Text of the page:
Following the resignation of three top officials yesterday, the electoral commission does not have the quorum to conduct any business.
The exit of Vice Chairperson Connie Maina and commissioners Paul Kurgat and Margaret Mwachanya and last year's resignation of Roselyne Akombe has crippled the Independent Electoral and Boundaries Commission (IEBC).
Matters might be compounded further after politicians demanded that the remaining three officials also leave.
They threatened to drag the remaining three officials through a tribunal if they did not leave voluntarily.
Among the issues that could be hobbled by the resignations are post-election review, boundary delimitation, approval of the commission's budget, any by-election, and recruitment of senior staff.
The infighting at IEBC comes only months after last year's disputed presidential election that the commission oversaw in spite of boardroom wars.
In a statement, the three commissioners accused the chairman, Wafula Chebukati, of turning the commission into a space for 'scrambling and chasing individual glory and credit'.
"With the deteriorating mistrust at the commission, we feel that our position as commissioners is no longer tenable and we regret to tender our resignations with immediate effect,” the three said in the statement read by Ms Mwachanya.
“For far too long and way too many times, the commission chair has failed to be the steady and stable hand that steers the ship in difficult times and give direction when needed,” Mwachanya told journalists at a city hotel.
She added: “Instead, under Chebukati’s leadership, the commission boardroom has become a venue for peddling misinformation, grounds for brewing mistrust and a space for scrambling and chasing individual glory and credit”.
The fallout stemmed from Chebukati's decision to send CEO Ezra Chiloba on compulsory leave last week. Chebukati was supported by commissioners Abdi Guliye and Boya Molu.
The three commissioners, who had opposed Chiloba's suspension, said the way the decision to send him home was arrived at was 'irregular and illegal'.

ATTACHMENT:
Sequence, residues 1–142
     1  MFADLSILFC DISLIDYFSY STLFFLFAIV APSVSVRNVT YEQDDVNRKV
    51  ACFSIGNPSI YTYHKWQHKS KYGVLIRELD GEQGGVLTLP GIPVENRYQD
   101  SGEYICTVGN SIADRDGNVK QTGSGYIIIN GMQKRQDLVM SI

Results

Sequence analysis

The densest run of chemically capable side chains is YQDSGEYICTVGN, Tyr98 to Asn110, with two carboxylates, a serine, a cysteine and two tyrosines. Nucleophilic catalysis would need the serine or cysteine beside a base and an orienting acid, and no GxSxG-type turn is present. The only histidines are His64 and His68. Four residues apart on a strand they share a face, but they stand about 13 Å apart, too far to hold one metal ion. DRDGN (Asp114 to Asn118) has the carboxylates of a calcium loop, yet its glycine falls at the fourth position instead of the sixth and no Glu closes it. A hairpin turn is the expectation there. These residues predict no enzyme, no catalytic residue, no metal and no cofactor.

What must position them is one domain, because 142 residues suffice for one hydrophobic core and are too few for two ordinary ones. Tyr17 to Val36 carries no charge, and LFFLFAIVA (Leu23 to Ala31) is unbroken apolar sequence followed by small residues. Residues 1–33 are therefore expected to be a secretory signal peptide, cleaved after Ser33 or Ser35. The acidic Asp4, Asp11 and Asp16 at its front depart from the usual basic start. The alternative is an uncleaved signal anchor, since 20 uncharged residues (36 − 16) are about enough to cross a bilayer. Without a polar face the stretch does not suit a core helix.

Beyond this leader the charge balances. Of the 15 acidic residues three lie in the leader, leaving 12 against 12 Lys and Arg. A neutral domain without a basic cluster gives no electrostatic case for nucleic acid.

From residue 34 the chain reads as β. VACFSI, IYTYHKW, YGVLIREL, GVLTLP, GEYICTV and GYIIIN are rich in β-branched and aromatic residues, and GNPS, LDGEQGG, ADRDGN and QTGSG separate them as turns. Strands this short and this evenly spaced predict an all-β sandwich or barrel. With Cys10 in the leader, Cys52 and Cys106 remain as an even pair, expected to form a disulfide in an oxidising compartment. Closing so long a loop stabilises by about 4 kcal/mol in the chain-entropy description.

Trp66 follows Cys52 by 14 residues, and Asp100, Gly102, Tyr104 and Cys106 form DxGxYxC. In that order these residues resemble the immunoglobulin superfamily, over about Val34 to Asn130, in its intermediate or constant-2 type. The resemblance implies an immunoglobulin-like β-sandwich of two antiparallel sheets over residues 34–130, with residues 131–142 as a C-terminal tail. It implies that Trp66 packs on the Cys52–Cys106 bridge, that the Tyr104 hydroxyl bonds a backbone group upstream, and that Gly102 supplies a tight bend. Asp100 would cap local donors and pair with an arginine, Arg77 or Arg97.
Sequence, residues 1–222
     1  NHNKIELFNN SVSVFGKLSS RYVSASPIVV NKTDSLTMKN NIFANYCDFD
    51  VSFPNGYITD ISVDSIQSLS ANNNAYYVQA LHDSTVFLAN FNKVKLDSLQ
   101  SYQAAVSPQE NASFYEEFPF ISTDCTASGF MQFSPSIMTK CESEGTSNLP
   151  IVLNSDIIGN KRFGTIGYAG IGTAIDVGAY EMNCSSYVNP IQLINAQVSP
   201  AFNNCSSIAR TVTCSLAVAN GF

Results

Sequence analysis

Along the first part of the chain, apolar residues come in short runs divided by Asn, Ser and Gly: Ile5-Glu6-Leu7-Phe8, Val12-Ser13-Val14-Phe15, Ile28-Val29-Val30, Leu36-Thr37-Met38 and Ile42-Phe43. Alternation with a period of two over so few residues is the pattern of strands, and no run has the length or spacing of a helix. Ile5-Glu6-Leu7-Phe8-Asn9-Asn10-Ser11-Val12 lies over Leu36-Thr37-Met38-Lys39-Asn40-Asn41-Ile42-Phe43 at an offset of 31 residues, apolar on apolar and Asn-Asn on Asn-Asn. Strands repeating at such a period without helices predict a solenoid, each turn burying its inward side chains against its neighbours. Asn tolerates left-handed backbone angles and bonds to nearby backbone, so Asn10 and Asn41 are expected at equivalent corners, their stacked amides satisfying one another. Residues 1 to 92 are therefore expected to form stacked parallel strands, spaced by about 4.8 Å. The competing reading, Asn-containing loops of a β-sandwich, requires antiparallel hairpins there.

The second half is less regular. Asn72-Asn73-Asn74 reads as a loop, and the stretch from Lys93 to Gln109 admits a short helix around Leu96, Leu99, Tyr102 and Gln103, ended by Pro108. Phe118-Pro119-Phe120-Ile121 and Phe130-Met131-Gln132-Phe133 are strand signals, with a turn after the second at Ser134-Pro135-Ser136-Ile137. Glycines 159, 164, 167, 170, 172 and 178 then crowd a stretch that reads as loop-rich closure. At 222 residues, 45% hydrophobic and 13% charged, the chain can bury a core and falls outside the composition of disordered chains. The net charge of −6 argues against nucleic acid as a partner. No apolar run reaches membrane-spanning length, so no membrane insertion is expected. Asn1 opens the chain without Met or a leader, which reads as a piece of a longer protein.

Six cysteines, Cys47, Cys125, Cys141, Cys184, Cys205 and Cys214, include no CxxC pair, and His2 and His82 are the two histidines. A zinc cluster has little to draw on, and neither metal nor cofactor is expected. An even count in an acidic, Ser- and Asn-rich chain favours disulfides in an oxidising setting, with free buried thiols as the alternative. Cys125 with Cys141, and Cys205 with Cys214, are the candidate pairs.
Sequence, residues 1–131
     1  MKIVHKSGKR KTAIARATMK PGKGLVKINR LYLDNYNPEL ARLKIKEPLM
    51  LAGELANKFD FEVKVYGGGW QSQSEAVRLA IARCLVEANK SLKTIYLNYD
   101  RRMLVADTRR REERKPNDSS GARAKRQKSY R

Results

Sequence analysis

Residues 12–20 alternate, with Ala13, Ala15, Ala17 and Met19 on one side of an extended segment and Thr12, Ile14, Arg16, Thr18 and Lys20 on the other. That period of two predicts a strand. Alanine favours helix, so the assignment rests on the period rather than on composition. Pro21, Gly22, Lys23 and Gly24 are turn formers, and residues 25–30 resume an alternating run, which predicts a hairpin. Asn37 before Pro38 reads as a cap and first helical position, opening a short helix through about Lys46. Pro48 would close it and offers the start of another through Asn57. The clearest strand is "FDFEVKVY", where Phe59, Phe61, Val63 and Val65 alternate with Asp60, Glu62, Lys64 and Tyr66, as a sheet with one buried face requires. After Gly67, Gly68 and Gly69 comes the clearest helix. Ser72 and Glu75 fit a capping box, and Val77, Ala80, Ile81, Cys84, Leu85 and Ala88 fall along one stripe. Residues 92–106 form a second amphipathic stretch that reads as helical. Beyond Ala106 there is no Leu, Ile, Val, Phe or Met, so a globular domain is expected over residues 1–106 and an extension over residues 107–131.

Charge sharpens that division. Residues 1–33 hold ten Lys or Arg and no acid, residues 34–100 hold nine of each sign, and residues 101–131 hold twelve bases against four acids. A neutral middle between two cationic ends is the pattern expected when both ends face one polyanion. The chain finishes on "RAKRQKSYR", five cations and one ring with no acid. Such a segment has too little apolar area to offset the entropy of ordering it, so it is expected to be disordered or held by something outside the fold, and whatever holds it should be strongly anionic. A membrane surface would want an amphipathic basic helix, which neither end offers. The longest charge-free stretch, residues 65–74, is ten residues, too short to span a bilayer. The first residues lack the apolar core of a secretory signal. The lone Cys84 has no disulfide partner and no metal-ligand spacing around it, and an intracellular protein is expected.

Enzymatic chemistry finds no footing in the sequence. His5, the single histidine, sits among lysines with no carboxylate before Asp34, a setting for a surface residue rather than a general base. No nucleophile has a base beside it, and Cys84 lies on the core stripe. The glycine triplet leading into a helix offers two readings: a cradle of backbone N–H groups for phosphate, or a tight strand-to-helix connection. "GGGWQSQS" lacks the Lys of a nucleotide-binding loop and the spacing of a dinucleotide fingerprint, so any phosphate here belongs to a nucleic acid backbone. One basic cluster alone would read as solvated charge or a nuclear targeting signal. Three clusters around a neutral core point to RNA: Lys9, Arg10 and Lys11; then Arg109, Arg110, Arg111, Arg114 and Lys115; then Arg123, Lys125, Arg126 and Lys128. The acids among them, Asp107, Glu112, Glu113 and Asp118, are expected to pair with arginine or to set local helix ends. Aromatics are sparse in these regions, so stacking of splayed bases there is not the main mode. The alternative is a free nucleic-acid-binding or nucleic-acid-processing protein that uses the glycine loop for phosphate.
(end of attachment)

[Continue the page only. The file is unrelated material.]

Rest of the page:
"The removal of a CEO is a weighty matter that could not have been introduced as a by-the-way during the meeting. The chairman could have waited for an appropriate time - when all the commissioners are in the country - to properly call a sitting to deliberate on the matter,” they said.
The statement added: “The institution has continued to be dysfunctional with arbitrary decision-making, leaking of internal documents to serve personal goals, and pursuing of personal interests, all of which are against the laid down laws that govern the conduct of the commission leadership and staff.”
Chebukati said he could not comment on the latest development since he had not been briefed.
“I learnt from media reports that my commissioners, Ms Nkatha Maina, Amb (Dr)) Paul Kurgat and Ms Margret Mwachanya, have resigned today. I am yet to receive formal communication on this matter. The commission will give a comprehensive statement at an appropriate time,” he said in a statement.
Senate Majority Leader Kipchumba Murkomen piled pressure on Chebukati and the two remaining commissioners to either voluntarily quit or be forced out.
“Chebukati, Molu & Guliye MUST resign from IEBC within the next 7 days or we form a tribunal to investigate them,” Murkomen said in a tweet.
He added: "My call for IEBC commissioners to resign is informed by recent wrangles linked to the fight for tenders plus control and manipulation of IEBC staff.”
Senate Minority Leader James Orengo described the resignations as a symptom of an 'incurable and cancerous disease' that bedevilled IEBC, claiming that the latest developments undermined the legitimacy of the Jubilee administration and confirmed that last year’s polls were an electoral fraud.
“Chebukati must now lead other commissioners out of IEBC by tendering his resignation letter together with those remaining commissioners and the secretariat. Otherwise the country will go through a political circus around an issue which has tremendous and significant constitutional importance,” Mr Orengo said.